Batch editing is possible in both Photoshop and Lightroom, but it is far easier in Lightroom. 

To batch-edit images in Photoshop, you need to create new Actions and sift through the settings. Of course, skilled photo editors will be able to master this workflow in no time at all. However, beginner and intermediate editors might feel like the learning curve is too steep, especially when Lightroom offers a much more streamlined batch editing tool. 

To batch-edit images in Lightroom, just hold Command (on Mac) or Control (on Windows) and click on the images you want to paste the editing settings to. Press Command+V (on Mac) or Ctrl+V (on Windows) to paste all the edits onto the photos.  

Winner: Lightroom. Wedding photographers might be more invested in this aspect of the Photoshop vs. Lightroom debate than others, but it’s still worth mentioning. The simple, efficient batch editing tools in Lightroom can drastically speed up your workflow. 

Photoshop vs. Lightroom: HDR 

Good to know: Unlike the human eye, which can adjust to all sorts of light levels, most computers can only produce a Fixed Dynamic Range (FDR). Some modern editing tools support High Dynamic Range (HDR), which is the full spectrum of colors in a photo, from the lightest tones to the darkest tones. 

Photoshop’s Camera Raw Filter allows creatives to view and edit images in HDR on both macOS and Windows. Once you have selected the filter, a dialogue box will appear and you can adjust the white point to balance the color and the exposure to lighten the image. 

For years, Lightroom has supported capturing HDR photos, importing those photos, and merging numerous frames to create HDR files. However, Lightroom is designed to process each image to a Standard Dynamic Range (SDR) that is compatible with the most common type of monitor.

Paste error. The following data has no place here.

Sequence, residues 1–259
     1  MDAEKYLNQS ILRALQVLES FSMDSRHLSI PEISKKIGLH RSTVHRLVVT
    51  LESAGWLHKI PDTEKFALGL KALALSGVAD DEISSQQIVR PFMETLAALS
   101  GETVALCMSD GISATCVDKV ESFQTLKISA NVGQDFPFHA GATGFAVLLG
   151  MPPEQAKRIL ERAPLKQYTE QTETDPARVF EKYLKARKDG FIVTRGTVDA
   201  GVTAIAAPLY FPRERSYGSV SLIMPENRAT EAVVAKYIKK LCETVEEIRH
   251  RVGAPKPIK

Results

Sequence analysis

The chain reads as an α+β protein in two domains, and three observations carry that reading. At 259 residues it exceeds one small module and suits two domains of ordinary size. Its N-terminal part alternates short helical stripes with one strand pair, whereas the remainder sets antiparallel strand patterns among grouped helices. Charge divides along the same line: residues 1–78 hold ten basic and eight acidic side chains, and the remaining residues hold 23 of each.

Now that HDR displays are becoming more common, Lightroom allows users to enable HDR Output. In just a few seconds, you can enable HDR as a one-off feature or set it by default. 

Winner: Draw. Both editing tools have HDR capabilities, so the decision is yours. 

Photoshop vs. Lightroom: Price 

In the debate of Photoshop vs. Lightroom, we can’t ignore the price. 

Alone, Adobe Photoshop costs $22.99 per month, and right now you can also get a 30-day free trial of Adobe Stock with any Adobe monthly plan. 

So, how much is Lightroom? 

Lightroom costs $9.99 per month. This is a complete bargain, especially for people who are within the niche audience that only use Lightroom tools. 

Winner. Draw. Lightroom is cheaper, but given the fact that Photoshop comes with graphic design and illustration tools, it’s difficult to choose a winner.  

Adobe Photography Plan

If you can’t decide on Photoshop vs. Lightroom, you are not alone. Photographers who want to enjoy the full capabilities of both tools can purchase the Creative Cloud Photography plan. It includes Lightroom, Lightroom Classic, Photoshop, and either 20GB or 1TB of cloud storage. 

The 1TB version is just $19.99 a month. 

screenshot of the adobe website showing the Creative cloud photography plan

Photoshop vs. Lightroom: Overall Winner 

Lightroom is our ultimate winner because it acts as an all-in-one, seamless tool for photographers who want to automatically process RAW files, make non-destructive changes, and batch edit images. 

That being said, Adobe Photoshop still has lots of benefits. If you need a tool that edits images but also creates GIFs, collages, and illustrations, Photoshop could be the tool for you. It is also a great way for modern artists to discover the capabilities of AI. 

Why not have both? The Creative Cloud Photography Plan is a great option for photographers who want to streamline their expenses and use all the digital tools at their disposal. 

Use Photoshop and Lightroom on iPad 

Astropad Studio allows you to mirror your favorite desktop creative programs on your iPad. Combine the editing power of Photoshop and Lightroom with the flexibility of your Apple Pencil. Get started today with our free 14-day trial. No commitments, cancel any time.

  • Mirror any desktop app on your iPad
  • Compatible with Mac and PC
  • Build your own shortcut panel, custom gestures, and custom quick keys
  • Utilize pressure-sensitive and precise sculpting and painting
  • Connects over WiFi or USB cable
iPad screen mirroring desktop screen with Astropad Studio. Image of hero woman on both screens
Mirror any desktop creative software on your iPad with Astropad Studio